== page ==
Page 1

Orland Fire Protection District MISSION STATEMENT The Orland Fire Protection District’s staff is dedicated to preserving life and property while valuing full accountability to each other and the people we serve.

2012 Annual Report

Orland Fire Protection District Annual Report


Orland Fire Protection District Annual Report


Table of Contents

Page Board of Trustees

1

Board of Fire Commissioners/Command Staff

2

Message from Fire Chief

3-4

News & Events

5-8

Citizen Life-Saving & Action Awards

9-10

District Activities

11-12

Response

13-14

OFPD By the Numbers

15-17

Major Incidents

18-21

Mutual Aid

22

Emergency Medical Services

23

Training

24-25

Firefighter Academy 2012 Specialty Teams

26 27-29

Finance

30

Dispatch

31

Fire Investigations

32

Fleet Maintenance Bureau

33

Fire Prevention Bureau

34

Public Education

35

Human Resources

36-37

Promotions/Farewells

38

Orland Fire Protection District Annual Report


Orland Fire Protection District Board of Trustees

President James Hickey

Treasurer Christopher Evoy

Secretary Blair Rhode

As elected officials, the Board of Trustees are the executives of our District. Trustees meet a minimum of once each month to approve, discuss, and direct staff in the operation of our District. Through the direction of President Hickey and the Board of Trustees, our staff is held accountable to delivery of services for our residents. The accomplishments of our District in 2012 were the direct result of our Board’s dedication to the Orland Fire Protection District mission of serving our residents.

Trustee Marty McGill

1

Trustee Glenn Michalek

Orland Fire Protection District Annual Report


Orland Fire Protection District Board of Fire Commissioners The Board of Fire Commissioners are appointed by the Board of Trustees. The function of this Board is to conduct the testing of new firefighter candidates, promotional processes and potential discipline process.

Chairman John Brudnak

Commissioner Mary Beth Casper

Secretary Craig Schmidt

Orland Fire Protection District Command Staff

Fire Chief Ken Brucki

Battalion Chief Ray Kay

Battalion Chief Dan Smith

Battalion Chief Bill Bonnar

Battalion Chief Nick Cinquepalmi

Battalion Chief Mike Schofield

Gold Shift

Red Shift

Black Shift

Orland Fire Protection District Annual Report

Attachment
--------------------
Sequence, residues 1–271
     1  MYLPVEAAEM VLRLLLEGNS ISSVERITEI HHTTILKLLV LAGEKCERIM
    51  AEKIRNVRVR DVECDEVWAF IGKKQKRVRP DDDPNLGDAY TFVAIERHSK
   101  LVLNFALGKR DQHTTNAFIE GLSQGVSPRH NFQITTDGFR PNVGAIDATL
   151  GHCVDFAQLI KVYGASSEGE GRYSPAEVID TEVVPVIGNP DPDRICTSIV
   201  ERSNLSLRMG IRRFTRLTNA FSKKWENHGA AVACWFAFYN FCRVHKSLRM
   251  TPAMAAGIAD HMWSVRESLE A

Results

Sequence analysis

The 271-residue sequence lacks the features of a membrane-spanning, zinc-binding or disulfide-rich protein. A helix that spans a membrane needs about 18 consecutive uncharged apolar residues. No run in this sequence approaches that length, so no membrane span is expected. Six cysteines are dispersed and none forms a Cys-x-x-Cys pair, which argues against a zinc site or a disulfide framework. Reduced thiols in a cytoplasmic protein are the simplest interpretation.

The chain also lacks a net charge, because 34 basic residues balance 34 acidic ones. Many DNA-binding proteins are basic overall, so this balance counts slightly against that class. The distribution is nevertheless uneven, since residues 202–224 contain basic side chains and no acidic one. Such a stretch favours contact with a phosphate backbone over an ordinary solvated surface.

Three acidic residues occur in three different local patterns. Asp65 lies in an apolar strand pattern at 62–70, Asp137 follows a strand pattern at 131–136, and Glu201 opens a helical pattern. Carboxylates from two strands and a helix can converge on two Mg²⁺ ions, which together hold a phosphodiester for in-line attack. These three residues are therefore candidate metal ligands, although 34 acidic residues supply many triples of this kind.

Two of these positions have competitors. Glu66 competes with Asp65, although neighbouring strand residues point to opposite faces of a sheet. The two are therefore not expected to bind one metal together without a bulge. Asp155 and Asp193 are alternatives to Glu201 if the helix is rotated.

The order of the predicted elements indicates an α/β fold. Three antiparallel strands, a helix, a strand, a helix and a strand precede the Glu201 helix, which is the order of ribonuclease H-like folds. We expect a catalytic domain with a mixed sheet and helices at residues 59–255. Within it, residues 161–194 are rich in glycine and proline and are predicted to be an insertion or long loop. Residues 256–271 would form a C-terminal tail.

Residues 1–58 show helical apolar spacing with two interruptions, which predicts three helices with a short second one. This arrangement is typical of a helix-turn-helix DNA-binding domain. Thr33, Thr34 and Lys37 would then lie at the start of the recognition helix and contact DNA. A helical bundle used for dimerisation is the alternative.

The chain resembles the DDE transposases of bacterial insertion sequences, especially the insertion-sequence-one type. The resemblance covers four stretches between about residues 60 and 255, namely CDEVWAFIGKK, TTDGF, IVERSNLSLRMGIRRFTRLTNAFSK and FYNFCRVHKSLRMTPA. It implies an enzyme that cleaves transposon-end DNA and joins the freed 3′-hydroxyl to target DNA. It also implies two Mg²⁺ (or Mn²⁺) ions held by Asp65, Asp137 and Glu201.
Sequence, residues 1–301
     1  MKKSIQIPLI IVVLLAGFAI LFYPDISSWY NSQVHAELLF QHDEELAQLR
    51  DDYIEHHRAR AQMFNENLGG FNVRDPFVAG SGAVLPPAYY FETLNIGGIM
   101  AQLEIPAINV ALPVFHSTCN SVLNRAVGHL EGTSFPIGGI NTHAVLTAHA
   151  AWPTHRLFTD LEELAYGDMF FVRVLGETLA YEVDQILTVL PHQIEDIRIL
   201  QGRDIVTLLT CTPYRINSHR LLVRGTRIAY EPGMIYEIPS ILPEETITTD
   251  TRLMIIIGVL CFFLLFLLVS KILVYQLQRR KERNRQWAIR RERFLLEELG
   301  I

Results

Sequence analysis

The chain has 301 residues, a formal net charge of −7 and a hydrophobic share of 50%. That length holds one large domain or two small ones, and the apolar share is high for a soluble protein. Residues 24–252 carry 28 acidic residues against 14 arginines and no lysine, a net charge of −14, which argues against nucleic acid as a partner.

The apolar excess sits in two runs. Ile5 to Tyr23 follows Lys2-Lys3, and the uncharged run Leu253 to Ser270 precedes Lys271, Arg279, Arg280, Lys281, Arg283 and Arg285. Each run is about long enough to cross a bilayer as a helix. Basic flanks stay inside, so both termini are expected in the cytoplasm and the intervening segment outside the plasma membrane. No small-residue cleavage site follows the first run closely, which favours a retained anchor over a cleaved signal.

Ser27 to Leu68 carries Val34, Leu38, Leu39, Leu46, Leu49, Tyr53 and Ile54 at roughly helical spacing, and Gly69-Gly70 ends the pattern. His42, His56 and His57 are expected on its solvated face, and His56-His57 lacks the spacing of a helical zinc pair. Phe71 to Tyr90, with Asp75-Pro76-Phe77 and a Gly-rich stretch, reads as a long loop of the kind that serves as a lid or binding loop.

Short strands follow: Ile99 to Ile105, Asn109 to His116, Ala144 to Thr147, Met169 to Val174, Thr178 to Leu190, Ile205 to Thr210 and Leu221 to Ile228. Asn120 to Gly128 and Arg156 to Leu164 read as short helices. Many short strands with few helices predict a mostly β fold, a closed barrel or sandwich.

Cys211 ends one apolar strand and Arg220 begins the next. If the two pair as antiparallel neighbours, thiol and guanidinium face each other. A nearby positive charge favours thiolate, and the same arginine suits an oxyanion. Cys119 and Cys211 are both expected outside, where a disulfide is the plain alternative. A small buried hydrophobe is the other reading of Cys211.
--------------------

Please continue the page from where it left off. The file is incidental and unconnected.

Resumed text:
2


Message from Fire Chief Ken Brucki President Hickey and Board of Trustees, I am proud to issue the 2012 annual report for the District. I would like to personally thank you for your confidence in me as I serve as the Chief for the Orland Fire Protection District. The Orland Fire Protection District has a proud history of serving our communities as innovative leaders in public safety, a tradition we will continue together. The focus of this administration is to reinforce the values and vision of our mission statement; dedication to preserving life and property while valuing full accountability to each other and the people we serve. Our primary mission is to be prepared and ready to respond for any call for service addressing the public safety needs for the communities we serve. I will ask the entire organization to recommit to a level of professionalism that our residents should expect from our dedicated personnel. Being prepared for any emergency is the main focus of our personnel who serve in the training division. They have worked very hard this past year to ensure the facilities and training aids are in proper working order and utilized to the fullest capabilities. We have begun initial planning to upgrade our training facilities and grounds to include additional buildings, props, and training aids to facilitate expanding training needs. The start of this process is needed to advance the training experience of our personnel, offer training courses regionally as an additional revenue source, and prepare for advances in technology and new challenges. We have been monitoring our response “turn-out� times to ensure that quality of service is provided by getting our highly trained personnel to the scene of an emergency in a safe rapid manner. A total response time is comprised of; alarm processing time + turn-out time + travel time. Travel is predominately not within our control. Traffic volume, time of day, day of the week, weather, and construction are some of the impediments effecting travel time. Alarm processing time and turn-out time are within our control and the responsibility of our personnel. We have been implementing measures to reduce both and are happy to report that our response times continue to decrease. Another thing that has a tremendous effect on our ability to respond in a safe rapid manner is staffing. This year we added 11 new firefighters to bring our staffing level to a number consistent with our operational goal for personnel, equipment, and vehicles to respond to any emergency. A consistent staffing level is the foundation for our operational readiness plan and our greatest opportunity to continue to provide excellent service in the shortest possible time throughout the District. Communications is an essential component to the success of any emergency incident. The Dispatch center continues to train and update the center to ensure a seamless complete communications process. These updates include full compliance of Federally Mandated Narrow Banding of all radios, a server upgrade, microwave radio servicing and replacement, as well as mobile computers fully supported with global positioning for accuracy and speed of response.

3

Orland Fire Protection District Annual Report